Poem Challenge

Where Are You From?

Some time ago a Facebook friend*, who is also a follower of this blog, challenged us to write about where we are from. She suggested that we use as a template a poem written by Kentucky’s 2015-2016 poet laureate, George Ella Lyon. 

Where I’m From by George Ella Lyon

I am from clothespins, 

from Clorox and carbon-tetrachloride. 

I am from the dirt under the back porch.

(Black, glistening, 

it tasted like beets.) 

I am from the forsythia bush

the Dutch elm

whose long-gone limbs I remember

as if they were my own.

I’m from fudge and eyeglasses, 

          from Imogene and Alafair. 

I’m from the know-it-alls

          and the pass-it-ons, 

from Perk up! and Pipe down! 

I’m from He restoreth my soul

          with a cottonball lamb

          and ten verses I can say myself.

I’m from Artemus and Billie’s Branch, 

fried corn and strong coffee. 

From the finger my grandfather lost 

          to the auger, 

the eye my father shut to keep his sight.

Under my bed was a dress box

spilling old pictures, 

a sift of lost faces

to drift beneath my dreams. 

I am from those moments–

snapped before I budded —

leaf-fall from the family tree.

 

I took the challenge and in a few short moments had no difficulty writing about where I’m from. I’m not a poet, but it was a wonderful exercise in turning memories over in one’s mind. It can also make us contemplate the impact our beginnings had on where we are today.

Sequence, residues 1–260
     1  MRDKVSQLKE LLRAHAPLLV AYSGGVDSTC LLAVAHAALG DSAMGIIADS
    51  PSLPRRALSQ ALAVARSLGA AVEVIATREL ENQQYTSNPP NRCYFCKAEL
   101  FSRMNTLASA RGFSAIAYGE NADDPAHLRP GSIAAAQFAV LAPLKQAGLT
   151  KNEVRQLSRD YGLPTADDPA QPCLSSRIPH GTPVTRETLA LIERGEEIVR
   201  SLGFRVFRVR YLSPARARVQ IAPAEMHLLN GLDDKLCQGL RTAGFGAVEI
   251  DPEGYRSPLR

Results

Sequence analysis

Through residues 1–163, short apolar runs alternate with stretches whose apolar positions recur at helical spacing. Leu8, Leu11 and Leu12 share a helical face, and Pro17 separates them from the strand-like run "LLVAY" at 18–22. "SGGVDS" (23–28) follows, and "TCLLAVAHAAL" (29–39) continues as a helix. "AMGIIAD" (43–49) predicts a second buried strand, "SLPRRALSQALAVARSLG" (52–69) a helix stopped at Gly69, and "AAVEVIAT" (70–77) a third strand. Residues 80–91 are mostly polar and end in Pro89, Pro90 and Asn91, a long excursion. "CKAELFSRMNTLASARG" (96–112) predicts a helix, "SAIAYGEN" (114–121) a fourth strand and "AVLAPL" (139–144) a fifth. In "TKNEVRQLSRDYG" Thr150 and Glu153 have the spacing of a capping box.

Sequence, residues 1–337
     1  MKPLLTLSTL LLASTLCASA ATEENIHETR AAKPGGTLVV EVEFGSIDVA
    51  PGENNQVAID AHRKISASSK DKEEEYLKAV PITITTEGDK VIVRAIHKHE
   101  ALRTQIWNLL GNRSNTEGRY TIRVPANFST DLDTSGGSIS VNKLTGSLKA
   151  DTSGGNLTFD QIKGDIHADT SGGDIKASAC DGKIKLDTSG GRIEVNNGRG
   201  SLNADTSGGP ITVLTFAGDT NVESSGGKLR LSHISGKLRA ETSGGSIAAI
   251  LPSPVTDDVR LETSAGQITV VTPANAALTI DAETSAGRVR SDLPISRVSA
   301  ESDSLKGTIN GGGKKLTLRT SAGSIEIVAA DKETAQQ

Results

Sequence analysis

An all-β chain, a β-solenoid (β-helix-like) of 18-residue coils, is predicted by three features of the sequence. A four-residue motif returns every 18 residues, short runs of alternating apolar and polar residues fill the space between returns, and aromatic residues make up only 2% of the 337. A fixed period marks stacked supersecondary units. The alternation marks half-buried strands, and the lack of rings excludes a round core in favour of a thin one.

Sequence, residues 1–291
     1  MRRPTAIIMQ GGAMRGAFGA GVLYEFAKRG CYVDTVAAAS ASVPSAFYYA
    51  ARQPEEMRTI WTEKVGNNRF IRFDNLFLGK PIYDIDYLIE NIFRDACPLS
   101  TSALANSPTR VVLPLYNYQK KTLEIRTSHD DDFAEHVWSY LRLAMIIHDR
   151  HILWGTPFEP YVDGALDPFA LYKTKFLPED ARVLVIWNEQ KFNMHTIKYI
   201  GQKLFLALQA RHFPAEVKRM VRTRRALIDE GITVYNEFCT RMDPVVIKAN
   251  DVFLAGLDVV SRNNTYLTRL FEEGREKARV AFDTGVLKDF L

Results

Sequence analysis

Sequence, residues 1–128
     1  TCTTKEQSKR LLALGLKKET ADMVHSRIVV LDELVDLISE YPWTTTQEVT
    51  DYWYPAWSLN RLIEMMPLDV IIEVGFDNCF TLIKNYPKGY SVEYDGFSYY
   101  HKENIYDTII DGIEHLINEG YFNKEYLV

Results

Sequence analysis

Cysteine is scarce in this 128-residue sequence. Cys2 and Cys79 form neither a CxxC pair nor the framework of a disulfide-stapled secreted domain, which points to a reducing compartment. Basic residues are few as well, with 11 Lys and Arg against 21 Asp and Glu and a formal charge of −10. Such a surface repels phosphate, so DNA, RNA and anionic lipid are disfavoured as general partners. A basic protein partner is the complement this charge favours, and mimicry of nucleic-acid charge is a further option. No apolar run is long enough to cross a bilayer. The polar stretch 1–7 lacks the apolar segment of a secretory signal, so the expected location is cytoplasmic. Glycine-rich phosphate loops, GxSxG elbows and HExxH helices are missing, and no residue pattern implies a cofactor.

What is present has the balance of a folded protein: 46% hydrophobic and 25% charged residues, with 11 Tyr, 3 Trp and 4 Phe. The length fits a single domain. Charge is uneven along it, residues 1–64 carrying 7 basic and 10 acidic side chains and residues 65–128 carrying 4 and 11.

Where I’m From by Sue Mattingly

I am from creek bottoms, 

crawfish, and chiggers. 

I am from an old apple tree,

Under which my rope swing hung.

I am from the hollyhocks 

in my Grandmother’s yard

from which she helped me to 

fashion fancy dolls.

I’m from biscuits and jam, 

      and from a galvanized tub for Saturday baths. 

I’m from water bucket and dipper

          and from the milking parlor down the road, 

from spunk and playing April Fool’s 

Jokes on my Grandfather! 

I’m from “What a Friend We Have in Jesus”

          sung with Pat on the front porch swing

          and Vacation Bible School every summer.

I’m from Crooked Creek and Anderson County

From the front yard so carefully mown by my Dad

using a push mower without a motor

and the four room house Mother kept spic and span.

Against the front fence leaned my brother’s bike

which I sat on and pretended I could ride

when I heard a car coming down the gravel road.

I am from those times —

and yet feel like a foreigner —

when I try to return.

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I challenge you to write your own and I would love it if you shared your poem with us in the comments section here. I look forward to reading and to learning more about your beginnings. Thank you and a special thank you to *Cindi Carmen. 

If you are interested in reading more about Lyon see: http://www.georgeellalyon.com/where.html

The Ritz

Recollections of Travel 

One of my favorite places to stay during my travels was the Ritz-Carlton Pentagon City in Arlington, VA just outside Washington, DC. It was right on the Metro (subway) line and even attached to a first rate shopping mall, not that I had much time to shop while working. I was supposed to be at this venue on 9/11/2001, but two days before I canceled my plans for reasons I do not recall. Others who attended that meeting spent several days getting home because all flights were grounded for days. One of my associates got back home to Florida via train. While I would have been in no danger, I am glad I was not so close to the horrendous disasters of that day.